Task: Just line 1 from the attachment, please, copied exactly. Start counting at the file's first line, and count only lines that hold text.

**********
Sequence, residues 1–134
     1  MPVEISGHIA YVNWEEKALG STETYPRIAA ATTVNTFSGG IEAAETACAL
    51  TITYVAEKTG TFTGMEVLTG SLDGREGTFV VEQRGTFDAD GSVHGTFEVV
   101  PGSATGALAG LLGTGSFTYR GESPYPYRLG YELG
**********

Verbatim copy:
Sequence, residues 1–134